Is Body Hair Still a Taboo?

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In the last 30 years, a clean-shaven body has become an important feature of the western image of femininity, and it is thought that over 99% of women in the Western culture remove hair through one means or other. The image of a smooth, bald female body is one we are all familiar with, but why is this the ideal, when it is the exact opposite of what is natural?

According to Anneke Smelik, author of ‘A close shave: The taboo on female body hair’, the trend for bare bodies is positively correlated with fashion’s tendency to show more skin. We associate armpit hair with sweat and pubic hair with excretion and urination, this creates a sense of repulsion, which makes hair seem ‘dirty’ and increases our desire to remove it. Moreover, body hair is linked to our ape ancestry and hair removal can create a boundary between us and animals, which makes us seem more sophisticated and evolved.

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However, this does not explain why men are not subject to the same beauty standards. Although male grooming is gaining more prominence in society, beard maintenance and chest waxing are more popular than they were 10 years ago, men are still not frowned upon for displaying hair in the way women are.Seen from some feminist’s perspectives, this is due to the fact that hair removal is a result of the patriarchy. Being clean-shaven is depicted in many adverts as a way to please men, through this both men and women learn to react negatively to female body hair. The advertisers’ new definition of what it is to be a woman is a way of defining gender characteristics and controlling femininity. This suggests the taboo has been created in order to marginalise and control women.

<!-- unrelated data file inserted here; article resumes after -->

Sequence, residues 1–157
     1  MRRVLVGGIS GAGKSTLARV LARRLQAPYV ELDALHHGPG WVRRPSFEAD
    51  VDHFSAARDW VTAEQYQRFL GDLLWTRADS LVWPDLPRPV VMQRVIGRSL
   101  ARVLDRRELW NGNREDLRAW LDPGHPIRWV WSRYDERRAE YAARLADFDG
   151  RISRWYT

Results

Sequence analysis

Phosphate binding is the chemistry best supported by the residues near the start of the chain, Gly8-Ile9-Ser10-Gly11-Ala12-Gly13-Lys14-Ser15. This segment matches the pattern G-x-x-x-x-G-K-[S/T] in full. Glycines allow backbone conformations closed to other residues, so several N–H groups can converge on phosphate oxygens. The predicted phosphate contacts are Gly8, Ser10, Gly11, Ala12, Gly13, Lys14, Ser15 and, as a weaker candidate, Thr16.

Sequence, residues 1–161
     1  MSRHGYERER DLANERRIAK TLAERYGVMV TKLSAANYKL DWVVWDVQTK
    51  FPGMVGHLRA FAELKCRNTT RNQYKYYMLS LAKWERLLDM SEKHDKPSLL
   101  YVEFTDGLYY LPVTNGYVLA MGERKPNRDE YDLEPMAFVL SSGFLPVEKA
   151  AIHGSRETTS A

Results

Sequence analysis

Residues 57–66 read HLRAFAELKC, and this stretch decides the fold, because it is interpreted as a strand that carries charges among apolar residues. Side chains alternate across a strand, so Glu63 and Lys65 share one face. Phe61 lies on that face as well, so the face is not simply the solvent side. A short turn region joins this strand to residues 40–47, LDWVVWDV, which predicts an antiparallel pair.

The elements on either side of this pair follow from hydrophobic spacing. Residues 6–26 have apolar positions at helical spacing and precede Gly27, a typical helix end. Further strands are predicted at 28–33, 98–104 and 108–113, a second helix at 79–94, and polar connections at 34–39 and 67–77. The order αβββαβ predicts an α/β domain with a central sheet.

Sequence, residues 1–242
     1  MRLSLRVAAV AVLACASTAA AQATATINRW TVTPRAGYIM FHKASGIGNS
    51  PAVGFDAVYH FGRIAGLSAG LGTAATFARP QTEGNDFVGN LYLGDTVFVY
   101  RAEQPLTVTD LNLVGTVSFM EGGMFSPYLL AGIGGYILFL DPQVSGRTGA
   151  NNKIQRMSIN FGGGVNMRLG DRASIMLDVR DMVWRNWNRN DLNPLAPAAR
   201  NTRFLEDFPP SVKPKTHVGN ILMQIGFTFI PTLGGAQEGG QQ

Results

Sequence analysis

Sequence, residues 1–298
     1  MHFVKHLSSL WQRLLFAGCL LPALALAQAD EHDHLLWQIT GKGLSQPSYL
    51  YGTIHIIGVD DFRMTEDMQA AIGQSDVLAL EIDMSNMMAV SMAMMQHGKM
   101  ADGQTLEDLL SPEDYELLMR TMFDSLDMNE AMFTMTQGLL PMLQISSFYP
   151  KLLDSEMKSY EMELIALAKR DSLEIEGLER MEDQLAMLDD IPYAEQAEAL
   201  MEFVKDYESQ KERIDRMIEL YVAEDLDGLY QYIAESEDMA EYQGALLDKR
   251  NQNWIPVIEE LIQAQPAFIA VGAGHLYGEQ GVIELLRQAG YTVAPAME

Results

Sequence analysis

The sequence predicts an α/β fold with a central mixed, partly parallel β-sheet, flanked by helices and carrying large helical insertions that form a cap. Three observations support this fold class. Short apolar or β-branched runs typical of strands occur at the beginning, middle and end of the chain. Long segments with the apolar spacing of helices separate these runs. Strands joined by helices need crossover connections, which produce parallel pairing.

This relates to Freud’s idea of the ‘horror’ of the female body. Psychologists suggest that hair-removal has gained popularity, particularly in porn, due to a fear of adult female sexuality. Hairless bodies are childlike, when this image is transposed onto an adult female body, it can make women seem less mature, more vulnerable, or even submissive, as well as more familiar and safe.

The imitation of a childlike body also fits in with the current beauty goals of appearing ‘forever young’. There are numerous products on the market from anti-ageing make up remover wipes to Botox, expressly designed with the aim of giving the aura of youth. Some sociologists put this down to the cold-hearted approach of businesses and advertising agencies, whose sole purpose is to generate profit. They use advertising and commercials to sell us the dream of a bare-bodied beauty.

Although it’s impossible to say which of these factors contributes the most towards the taboo against female hair anywhere but the head, which contrastingly epitomises female beauty, none of the reasons can fully justify body hair removal. It, therefore, seems clear that we need to concentrate more effort on removing the stigma against it and the double standards between men and women, than the body hair itself. Body hair is natural for both men and women, and whilst there is nothing wrong with removing it, we should not be judged for deciding not to.

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